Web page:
New Report Highlights Cancer Trends in the U.S. (dateline December 3, 2003)
An annual report on cancer statistics in the United States finds that deaths from the four most common cancers continue to decline. Less people died from lung, breast, prostate, and colorectal cancers in the late 1990s, and deaths from all cancers combined stabilized at this time as well. The report, published by federal cancer experts in early September 2003, suggests that further declines in cancer are possible with strong federal, state, local, and private partnerships to increase cancer screening programs to all population groups.
The Annual Report to the Nation on the Status of Cancer, 1975-2000, is collaboration of the American Cancer Society, the Centers for Disease Control and Prevention (CDC), the National Cancer Institute (NCI), and the North American Association of Central Cancer Registries. The report updates statistics on lung, female breast, prostate, and colorectal cancers and highlights the uses of selected surveillance data to aid in the development of state-based cancer control plans, according to the published report in the September 3, 2003 issue of the Journal of the National Cancer Institute.
The report finds that rates for all types of cancers combined in the United States increased from the mid-1970s through 1992, declined from 1992 to 1995, and then stabilized from 1995 to 2000. In the late 1990s, researchers found an increase in the incidence of breast cancer in women and prostate cancer in men but a decrease in lung cancer among men offset the overall cancer trend.
With respect to deaths from cancer in the U.S., overall deaths increased through 1990, stabilized through 1994, and then declined from 1994 through 1998. After 1998, deaths from cancer remained stable through 2000 (with small declines in deaths among men during this time).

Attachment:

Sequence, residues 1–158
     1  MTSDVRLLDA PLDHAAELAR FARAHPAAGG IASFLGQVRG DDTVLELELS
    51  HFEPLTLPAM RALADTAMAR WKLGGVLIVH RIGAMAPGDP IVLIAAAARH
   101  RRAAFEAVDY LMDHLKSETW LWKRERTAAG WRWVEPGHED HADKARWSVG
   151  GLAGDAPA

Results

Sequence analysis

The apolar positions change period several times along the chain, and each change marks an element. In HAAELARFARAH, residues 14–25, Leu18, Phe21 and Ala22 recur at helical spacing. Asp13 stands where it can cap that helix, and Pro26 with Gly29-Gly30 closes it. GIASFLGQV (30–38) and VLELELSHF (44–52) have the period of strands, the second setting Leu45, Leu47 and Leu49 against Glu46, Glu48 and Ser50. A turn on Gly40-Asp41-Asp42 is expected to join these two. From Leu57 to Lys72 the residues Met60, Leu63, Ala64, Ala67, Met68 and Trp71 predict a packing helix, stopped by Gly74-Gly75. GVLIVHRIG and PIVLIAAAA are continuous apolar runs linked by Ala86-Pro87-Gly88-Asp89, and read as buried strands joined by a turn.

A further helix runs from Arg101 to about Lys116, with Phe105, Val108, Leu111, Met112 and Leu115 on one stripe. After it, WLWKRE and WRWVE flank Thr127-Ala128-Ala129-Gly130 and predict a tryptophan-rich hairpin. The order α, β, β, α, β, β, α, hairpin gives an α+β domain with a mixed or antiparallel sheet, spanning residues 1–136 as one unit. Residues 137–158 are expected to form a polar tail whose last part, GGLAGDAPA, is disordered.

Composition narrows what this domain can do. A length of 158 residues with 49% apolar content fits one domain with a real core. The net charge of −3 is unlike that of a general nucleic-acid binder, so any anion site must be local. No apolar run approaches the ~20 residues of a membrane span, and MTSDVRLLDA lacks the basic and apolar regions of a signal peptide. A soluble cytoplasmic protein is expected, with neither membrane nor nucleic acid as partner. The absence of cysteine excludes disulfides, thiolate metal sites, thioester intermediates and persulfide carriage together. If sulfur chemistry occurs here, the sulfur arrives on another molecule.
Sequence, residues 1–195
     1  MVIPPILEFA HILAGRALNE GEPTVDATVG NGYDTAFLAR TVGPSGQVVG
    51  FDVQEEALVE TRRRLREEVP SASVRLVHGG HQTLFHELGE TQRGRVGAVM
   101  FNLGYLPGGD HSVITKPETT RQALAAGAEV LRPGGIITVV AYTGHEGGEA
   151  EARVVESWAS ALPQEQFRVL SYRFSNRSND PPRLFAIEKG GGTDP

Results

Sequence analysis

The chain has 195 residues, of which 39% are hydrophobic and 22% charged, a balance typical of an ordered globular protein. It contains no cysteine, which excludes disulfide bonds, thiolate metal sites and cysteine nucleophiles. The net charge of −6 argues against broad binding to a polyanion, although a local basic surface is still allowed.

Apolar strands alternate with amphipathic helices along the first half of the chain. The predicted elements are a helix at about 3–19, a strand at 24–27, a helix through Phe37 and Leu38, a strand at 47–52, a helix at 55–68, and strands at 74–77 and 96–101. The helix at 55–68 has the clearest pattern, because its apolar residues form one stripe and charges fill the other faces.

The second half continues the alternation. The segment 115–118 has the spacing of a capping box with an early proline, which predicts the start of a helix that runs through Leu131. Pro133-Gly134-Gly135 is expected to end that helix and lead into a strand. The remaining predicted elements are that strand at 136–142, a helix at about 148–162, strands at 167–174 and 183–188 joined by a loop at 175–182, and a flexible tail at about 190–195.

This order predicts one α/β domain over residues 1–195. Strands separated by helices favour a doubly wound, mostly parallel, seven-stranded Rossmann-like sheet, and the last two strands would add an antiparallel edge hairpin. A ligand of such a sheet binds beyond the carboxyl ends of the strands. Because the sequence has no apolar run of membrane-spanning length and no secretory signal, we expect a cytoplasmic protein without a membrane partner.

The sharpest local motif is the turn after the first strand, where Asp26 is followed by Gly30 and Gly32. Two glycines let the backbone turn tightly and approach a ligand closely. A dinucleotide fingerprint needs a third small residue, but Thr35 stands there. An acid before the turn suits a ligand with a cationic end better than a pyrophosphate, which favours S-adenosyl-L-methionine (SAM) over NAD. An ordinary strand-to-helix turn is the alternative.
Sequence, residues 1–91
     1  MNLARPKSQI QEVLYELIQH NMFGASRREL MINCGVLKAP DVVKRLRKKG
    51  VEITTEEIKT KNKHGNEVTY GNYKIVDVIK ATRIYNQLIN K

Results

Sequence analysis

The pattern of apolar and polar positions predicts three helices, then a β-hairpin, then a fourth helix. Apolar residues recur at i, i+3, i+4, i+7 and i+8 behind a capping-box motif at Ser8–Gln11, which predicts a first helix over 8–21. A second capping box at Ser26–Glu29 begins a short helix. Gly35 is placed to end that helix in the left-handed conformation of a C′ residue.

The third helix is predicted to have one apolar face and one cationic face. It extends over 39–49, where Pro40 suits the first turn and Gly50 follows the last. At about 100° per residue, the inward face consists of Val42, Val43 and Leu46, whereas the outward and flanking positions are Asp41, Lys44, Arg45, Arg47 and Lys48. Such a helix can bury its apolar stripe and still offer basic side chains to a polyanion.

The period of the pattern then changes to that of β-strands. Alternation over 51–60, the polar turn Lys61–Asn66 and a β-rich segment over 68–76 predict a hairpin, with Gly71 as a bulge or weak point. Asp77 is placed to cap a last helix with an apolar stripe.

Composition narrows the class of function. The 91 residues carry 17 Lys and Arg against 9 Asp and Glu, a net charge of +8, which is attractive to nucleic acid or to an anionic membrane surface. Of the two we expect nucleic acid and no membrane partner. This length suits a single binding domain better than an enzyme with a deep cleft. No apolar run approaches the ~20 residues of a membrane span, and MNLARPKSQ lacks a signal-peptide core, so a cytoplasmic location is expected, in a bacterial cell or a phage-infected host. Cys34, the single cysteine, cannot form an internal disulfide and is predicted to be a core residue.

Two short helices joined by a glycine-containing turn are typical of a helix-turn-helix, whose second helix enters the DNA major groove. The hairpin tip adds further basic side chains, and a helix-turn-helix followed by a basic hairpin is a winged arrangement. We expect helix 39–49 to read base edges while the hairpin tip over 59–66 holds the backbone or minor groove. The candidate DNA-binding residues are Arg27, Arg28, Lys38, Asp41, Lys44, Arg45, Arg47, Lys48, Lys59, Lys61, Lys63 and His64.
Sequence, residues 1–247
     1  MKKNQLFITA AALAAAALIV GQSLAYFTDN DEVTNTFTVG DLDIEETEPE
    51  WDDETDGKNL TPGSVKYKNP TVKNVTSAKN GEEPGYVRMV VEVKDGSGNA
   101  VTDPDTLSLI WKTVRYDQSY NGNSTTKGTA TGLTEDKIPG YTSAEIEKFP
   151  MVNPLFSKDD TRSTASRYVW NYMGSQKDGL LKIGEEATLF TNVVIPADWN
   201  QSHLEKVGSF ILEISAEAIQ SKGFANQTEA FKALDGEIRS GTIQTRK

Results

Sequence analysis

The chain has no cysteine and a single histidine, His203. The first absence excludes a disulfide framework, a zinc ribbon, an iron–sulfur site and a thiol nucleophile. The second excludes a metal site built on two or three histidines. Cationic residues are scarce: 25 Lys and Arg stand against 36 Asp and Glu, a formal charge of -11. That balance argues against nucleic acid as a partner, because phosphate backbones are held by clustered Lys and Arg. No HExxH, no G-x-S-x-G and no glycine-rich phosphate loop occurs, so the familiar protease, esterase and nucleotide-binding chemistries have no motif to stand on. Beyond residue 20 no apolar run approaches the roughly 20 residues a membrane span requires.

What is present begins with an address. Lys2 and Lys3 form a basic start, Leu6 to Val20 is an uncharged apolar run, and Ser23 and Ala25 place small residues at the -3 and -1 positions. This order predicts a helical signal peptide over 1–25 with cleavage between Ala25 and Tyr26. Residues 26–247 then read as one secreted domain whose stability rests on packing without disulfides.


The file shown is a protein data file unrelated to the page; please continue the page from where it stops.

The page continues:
The decrease in lung cancer reveals that anti-smoking campaigns may be working. "The steep decline in lung cancer rates in men and the recent slowing of an increase in rates in women demonstrate that we can move the trend in the number one cancer killer in the right direction," said John R. Seffrin, PhD, chief executive officer of the American Cancer Society (ACS), in an NCI news release. "Further progress will require rigorous application of strategies that we know are effective in reducing tobacco use."
Deaths from breast cancer fell during the 1990s despite a period of increased diagnoses. One possible explanation for the increased number of breast cancer cases is the significant improvement and widespread use of screening mammography. Mammography helps detect breast cancer in its early stages when the chances for successful treatment and survival are the greatest. The report also suggests that the higher rates of late-stage breast cancer diagnoses in some segments of the population may be due to delayed access to care. This can be particularly common among women without health insurance and recent immigrants.
Other highlights from the report include the following
In many cases, the earlier cancer is detected, the greater the chances it can be successfully treated. Regular physical examinations and cancer screening exams can increase the chances of detecting cancer at an early stage.